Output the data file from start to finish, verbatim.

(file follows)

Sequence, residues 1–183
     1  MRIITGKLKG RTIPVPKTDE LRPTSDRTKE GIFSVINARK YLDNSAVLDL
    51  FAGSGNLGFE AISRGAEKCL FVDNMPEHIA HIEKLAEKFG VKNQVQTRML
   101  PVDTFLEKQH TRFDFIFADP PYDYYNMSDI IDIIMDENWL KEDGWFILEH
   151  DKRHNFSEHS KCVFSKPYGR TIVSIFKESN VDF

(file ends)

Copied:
Sequence, residues 1–183
     1  MRIITGKLKG RTIPVPKTDE LRPTSDRTKE GIFSVINARK YLDNSAVLDL
    51  FAGSGNLGFE AISRGAEKCL FVDNMPEHIA HIEKLAEKFG VKNQVQTRML
   101  PVDTFLEKQH TRFDFIFADP PYDYYNMSDI IDIIMDENWL KEDGWFILEH
   151  DKRHNFSEHS KCVFSKPYGR TIVSIFKESN VDF